2021 TAPPI Nano Webinar Series – Circular Packaging Products from Polysaccharides

2021 TAPPI Nano Webinar Series – Circular Packaging Products from Polysaccharides

Tuesday, April 27, 2021 to Tuesday, April 27, 2021

9AM - 10AM EST

There is a strong drive to discover and develop alternatives to conventional plastics that offer the ability to be manufactured and used in a circular manner. In a circular economy, as opposed to a linear one, materials are derived from renewable resources or recycled content, and at the end of life, they are able to be circulated back into production via a chemical, physical or biological pathway. A critical need exists to develop such materials for plastic packaging, which represents the largest contributor to unrecyclable or difficult-to-recycle plastic waste. This talk describes innovations in production of barrier films and coatings suitable for food or pharmaceutical packaging, based on combinations of cellulose- and chitin-based nanomaterials.  Cellulose nanocrystals, CNCs, and chitin nanofibers or nanocrystals (ChNFs, ChNCs), are oppositely-charged, water-dispersible fibers that could form the basis of a platform of renewable, high-performance materials. Challenges to industrial implementation and approaches to overcome these will also be analyzed.  In addition, this talk will review several other projects ongoing at the Georgia Tech Renewable Bioproducts Institute in the area of circular approaches to packaging based on biomass-derived materials.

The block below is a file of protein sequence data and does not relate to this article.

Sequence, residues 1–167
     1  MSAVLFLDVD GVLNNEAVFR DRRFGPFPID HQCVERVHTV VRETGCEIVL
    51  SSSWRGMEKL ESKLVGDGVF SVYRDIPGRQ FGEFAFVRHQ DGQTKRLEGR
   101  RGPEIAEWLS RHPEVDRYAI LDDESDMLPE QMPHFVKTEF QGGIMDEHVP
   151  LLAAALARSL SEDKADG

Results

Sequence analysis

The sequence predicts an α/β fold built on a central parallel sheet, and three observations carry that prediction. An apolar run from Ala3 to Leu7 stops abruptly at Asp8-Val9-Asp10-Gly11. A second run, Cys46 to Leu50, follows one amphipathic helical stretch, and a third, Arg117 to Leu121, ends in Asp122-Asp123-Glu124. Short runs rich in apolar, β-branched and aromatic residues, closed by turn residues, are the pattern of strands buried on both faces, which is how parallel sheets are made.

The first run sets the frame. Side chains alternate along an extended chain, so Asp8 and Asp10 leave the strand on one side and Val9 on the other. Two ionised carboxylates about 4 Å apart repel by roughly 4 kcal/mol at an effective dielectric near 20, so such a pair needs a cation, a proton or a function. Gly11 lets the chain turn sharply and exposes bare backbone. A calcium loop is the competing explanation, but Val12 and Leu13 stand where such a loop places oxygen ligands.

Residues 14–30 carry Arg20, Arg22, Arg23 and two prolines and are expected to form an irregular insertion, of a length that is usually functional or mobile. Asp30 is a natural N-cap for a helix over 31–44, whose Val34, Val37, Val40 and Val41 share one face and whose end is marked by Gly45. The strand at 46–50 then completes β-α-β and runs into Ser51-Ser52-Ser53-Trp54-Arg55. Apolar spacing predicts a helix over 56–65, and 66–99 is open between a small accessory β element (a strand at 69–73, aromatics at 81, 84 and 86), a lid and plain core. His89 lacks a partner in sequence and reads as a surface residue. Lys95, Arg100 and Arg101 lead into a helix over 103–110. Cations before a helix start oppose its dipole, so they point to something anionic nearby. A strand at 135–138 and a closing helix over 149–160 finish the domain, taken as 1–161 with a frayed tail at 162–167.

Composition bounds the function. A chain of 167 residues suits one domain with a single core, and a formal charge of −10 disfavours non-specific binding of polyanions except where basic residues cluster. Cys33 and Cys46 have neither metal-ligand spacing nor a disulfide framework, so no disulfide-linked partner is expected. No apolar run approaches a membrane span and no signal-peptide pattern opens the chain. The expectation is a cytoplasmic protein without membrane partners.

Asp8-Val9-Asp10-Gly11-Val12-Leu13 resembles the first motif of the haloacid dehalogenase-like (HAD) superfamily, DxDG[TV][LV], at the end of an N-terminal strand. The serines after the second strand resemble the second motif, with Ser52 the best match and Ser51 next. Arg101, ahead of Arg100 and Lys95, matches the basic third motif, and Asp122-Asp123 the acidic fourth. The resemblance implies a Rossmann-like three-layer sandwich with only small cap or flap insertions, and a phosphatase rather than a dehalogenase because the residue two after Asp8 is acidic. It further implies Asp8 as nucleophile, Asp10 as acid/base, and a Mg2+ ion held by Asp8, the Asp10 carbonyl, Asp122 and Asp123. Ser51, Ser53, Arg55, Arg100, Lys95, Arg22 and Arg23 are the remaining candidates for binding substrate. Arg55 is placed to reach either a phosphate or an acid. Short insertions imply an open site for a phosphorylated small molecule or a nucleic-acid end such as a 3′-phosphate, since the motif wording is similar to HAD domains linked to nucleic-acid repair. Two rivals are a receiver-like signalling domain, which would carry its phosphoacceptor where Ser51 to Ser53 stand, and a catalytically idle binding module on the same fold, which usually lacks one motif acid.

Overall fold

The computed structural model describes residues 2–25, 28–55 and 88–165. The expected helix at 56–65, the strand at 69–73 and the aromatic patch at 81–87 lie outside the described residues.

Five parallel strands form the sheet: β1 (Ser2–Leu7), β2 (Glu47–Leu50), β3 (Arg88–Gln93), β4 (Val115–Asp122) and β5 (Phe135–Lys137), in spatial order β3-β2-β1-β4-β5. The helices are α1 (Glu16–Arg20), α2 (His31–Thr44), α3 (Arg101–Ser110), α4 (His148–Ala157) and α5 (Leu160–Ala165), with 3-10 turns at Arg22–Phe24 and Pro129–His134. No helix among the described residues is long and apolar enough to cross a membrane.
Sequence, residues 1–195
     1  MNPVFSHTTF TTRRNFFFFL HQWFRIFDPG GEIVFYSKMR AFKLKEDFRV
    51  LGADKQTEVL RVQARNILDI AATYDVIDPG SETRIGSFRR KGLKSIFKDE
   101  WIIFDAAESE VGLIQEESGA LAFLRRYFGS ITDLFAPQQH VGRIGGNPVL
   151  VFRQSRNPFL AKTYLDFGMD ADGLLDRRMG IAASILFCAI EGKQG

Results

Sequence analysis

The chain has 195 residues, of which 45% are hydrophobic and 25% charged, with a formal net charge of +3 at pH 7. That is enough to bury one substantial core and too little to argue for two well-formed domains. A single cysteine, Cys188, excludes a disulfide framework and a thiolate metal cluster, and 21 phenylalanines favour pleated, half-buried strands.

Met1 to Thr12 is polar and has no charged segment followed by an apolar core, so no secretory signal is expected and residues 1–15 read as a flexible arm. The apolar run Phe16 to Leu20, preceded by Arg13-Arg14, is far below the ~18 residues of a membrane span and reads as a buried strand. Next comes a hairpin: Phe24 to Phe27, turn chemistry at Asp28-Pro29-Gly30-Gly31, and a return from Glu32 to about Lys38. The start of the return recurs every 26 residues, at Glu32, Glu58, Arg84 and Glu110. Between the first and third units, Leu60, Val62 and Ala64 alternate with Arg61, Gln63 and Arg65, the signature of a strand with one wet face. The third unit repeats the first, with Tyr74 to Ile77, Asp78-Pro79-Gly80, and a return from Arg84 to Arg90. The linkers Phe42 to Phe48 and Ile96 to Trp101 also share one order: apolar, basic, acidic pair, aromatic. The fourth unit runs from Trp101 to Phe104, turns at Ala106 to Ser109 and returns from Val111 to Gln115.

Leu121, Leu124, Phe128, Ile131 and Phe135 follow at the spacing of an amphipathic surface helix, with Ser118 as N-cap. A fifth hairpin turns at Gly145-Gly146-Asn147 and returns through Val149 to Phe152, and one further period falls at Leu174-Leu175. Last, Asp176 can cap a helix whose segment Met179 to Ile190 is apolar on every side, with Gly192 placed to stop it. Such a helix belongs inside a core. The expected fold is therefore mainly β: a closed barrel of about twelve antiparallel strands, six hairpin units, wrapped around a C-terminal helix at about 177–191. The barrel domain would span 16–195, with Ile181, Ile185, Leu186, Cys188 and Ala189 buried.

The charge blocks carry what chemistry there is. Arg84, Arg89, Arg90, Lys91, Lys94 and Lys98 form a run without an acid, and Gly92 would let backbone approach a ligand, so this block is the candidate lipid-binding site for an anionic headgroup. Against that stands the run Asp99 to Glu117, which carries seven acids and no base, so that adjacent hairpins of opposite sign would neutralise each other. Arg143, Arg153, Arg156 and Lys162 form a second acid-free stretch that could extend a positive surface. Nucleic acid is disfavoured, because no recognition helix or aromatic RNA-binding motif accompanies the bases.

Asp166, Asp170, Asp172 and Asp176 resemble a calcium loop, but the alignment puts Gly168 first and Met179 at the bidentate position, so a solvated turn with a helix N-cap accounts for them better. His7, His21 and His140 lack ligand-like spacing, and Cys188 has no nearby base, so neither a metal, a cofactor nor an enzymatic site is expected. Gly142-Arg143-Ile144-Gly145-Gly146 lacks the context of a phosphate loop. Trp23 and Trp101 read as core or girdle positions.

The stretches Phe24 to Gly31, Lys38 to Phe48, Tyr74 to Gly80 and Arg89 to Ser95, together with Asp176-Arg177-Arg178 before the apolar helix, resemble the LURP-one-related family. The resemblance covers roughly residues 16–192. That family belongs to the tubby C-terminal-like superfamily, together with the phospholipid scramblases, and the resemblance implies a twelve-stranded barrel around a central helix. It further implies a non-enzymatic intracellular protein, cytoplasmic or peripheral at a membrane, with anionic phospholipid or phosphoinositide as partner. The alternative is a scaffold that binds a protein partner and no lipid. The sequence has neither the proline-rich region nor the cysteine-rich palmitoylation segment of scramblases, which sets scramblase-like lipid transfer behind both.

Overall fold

Learning Outcomes:

  • Knowledge
  • Identify challenges and constraints in current flexible barrier packaging
  • Recognize the opportunity available for utilizing cellulose and chitin-derived biomass nanofibers/crystals for barrier packaging
  • Identify challenges in manufacturing barrier flexible packaging from biomass
  • Comprehension
  • Explain why cellulose and chitin charge and length affect formation of barrier structions
  • Explain basic structure-property relationships between cellulose and chiftin processing, film deposition conditions and barrier properties

Who should attend:

Researchers, Academia with interest in Nanotechnology

Dr. Carson Meredith

received a BS degree in Chemical Engineering from Georgia Tech (1993) and a PhD in Chemical Engineering from the University of Texas, Austin (1998). He was a postdoc at the National Institute of Standards and Technology (NIST) from 1998 to 2000, and joined the faculty in the School of Chemical & Biomolecular Engineering at Georgia Tech in 2000. In his early career he was instrumental in developing the field of high-throughput or combinatorial polymer science, and applied this discovery methodology to problems ranging from optimizing cell function on tissue engineering scaffolds to membranes for fuel cells. His current research interests include fundamentals of colloid and polymer science as applied to bioinspired materials and renewable and sustainable materials from biomass. For example his group has pioneered chitin-cellulose derived alternative packaging materials that could be substitutes for current plastics. Dr. Meredith is a Chief Editor for the journal Emergent Materials (Springer).  In addition he serves as the Executive Director of Georgia Tech’s Renewable Bioproducts Institute, one of eleven interdisciplinary research institutes on the GT campus.

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